Audi’s longtime boss, Rupert Stadler, has been sitting in jail for the past three months as prosecutors investigate his role in the emissions-cheating scandal Dieselgate. He was denied bail as there were fears he would try to influence witnesses in the ongoing investigation.
In spite of his imprisonment, it took until Tuesday for Audi parent Volkswagen to relieve him of his post and kick him off the VW board. The official reason: He can no longer perform his duties and needs time to prepare his defense.
That was true when Mr. Stadler was first taken into custody, but it took until now for the VW group to reach an agreement on his severance pay. The Porsche and Piëch families who control VW wanted to treat him generously: Besides being a top manager in the group, he was a family confidant. The state of Lower Saxony, however, which is also a major shareholder, wanted to throw Mr. Stadler out and make an example of him.
VW compromises on severance
Tuesday’s decision struck a compromise. Most of the severance he is due, some €7 million ($8 million), will be paid to Mr. Stadler – but only if he is acquitted in any criminal trial resulting from the Dieselgate investigation, industry sources told Handelsblatt.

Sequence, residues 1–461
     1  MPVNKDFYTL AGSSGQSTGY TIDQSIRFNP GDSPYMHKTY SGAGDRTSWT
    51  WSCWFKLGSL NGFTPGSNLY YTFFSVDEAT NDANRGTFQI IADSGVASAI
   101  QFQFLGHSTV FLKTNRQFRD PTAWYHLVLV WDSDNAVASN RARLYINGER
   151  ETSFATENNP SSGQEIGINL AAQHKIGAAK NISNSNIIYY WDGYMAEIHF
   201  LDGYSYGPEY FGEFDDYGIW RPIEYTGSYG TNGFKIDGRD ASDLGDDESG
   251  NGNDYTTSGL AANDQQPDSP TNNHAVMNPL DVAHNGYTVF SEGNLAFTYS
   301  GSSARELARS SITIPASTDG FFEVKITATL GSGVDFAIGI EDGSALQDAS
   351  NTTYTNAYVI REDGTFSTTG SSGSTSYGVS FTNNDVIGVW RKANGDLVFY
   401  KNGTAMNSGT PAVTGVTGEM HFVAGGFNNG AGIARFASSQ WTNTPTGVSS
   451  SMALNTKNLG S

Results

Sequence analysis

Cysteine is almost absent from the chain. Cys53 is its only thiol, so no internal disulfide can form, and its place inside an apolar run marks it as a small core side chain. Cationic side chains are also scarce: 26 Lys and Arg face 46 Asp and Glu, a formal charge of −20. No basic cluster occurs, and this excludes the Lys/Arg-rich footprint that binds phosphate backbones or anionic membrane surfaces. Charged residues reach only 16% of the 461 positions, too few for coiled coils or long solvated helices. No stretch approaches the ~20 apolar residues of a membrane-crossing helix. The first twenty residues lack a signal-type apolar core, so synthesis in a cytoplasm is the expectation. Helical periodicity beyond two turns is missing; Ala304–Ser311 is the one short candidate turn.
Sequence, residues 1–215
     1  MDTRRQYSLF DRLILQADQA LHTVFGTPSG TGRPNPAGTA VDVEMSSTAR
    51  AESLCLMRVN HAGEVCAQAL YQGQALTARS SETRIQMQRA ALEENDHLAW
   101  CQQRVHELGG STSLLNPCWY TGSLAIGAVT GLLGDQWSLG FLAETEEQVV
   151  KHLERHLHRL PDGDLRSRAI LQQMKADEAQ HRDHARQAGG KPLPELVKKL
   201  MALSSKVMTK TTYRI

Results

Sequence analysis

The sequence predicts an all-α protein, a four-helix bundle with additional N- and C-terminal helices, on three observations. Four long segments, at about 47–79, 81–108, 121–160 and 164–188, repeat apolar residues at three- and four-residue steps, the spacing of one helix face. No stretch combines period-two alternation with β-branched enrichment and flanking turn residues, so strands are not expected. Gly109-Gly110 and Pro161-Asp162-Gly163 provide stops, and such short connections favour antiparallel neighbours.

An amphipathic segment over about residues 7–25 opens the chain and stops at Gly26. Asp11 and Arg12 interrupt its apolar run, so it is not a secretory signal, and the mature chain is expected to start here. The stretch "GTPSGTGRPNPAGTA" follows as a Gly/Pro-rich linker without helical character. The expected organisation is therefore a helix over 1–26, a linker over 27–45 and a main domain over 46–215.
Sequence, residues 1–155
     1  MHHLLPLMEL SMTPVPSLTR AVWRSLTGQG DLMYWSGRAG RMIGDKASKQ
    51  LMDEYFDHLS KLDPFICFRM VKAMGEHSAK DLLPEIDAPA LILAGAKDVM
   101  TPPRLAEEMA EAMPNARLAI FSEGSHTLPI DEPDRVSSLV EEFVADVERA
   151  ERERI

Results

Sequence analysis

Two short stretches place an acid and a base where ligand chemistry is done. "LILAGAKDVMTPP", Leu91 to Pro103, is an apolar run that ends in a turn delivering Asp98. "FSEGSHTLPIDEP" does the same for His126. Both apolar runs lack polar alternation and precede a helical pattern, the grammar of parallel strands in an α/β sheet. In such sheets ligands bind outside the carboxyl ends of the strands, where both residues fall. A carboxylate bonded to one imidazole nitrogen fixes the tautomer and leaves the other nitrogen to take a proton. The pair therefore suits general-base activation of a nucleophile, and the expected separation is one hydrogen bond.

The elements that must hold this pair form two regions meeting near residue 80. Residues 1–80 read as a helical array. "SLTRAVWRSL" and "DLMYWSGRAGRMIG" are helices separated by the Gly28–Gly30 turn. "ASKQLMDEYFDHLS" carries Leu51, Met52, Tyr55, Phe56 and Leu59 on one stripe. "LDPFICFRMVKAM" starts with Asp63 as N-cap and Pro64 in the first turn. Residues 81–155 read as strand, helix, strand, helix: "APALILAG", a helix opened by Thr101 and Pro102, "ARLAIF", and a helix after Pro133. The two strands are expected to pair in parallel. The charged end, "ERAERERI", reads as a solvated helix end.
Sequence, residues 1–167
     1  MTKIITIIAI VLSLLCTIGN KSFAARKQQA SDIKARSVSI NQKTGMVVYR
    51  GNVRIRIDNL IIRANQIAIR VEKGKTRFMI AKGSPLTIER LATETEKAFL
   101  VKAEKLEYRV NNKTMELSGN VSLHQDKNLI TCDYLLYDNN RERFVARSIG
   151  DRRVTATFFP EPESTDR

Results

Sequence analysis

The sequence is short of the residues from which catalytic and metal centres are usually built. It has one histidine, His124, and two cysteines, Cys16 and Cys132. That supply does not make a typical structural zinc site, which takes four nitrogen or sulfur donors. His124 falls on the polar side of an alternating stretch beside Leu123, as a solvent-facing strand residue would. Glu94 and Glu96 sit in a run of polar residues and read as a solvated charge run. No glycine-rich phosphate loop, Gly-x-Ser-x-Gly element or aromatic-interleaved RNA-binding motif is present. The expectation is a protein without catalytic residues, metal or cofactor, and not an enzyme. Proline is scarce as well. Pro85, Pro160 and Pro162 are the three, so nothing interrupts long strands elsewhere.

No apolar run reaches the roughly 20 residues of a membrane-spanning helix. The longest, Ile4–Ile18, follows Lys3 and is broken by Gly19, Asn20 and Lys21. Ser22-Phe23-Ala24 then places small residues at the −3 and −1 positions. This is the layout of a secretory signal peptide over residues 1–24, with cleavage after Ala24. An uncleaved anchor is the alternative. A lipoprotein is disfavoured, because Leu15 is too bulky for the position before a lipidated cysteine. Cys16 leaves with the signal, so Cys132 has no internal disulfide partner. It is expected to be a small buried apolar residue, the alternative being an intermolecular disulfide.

Until then, he will receive €1.5 million for a non-competition agreement, meaning Mr. Stadler agrees not to start a similar position with Audi competitors, which runs through 2019. He will also receive almost another €1 million in compensation awarded in 2015 but is due to be paid in 2019. Since he is leaving the company before his contract expires, that payment will be made now.
If Mr. Stadler is indicted and convicted, VW will probably sue for damages and will have the withheld severance as collateral.
Sources say Mr. Stadler is not under suspicion for having directly taken part in the diesel emissions fraud but for being complicit because he knew about it. Mr. Stadler has repeatedly denied the accusations. His lawyers declined to comment on Tuesday’s settlement.
Martin Murphy covers the auto industry for Handelsblatt. René Bender is a member of the investigative team. Darrell Delamaide adapted this story into English for Handelsblatt Global. To contact the authors: firstname.lastname@example.org and email@example.com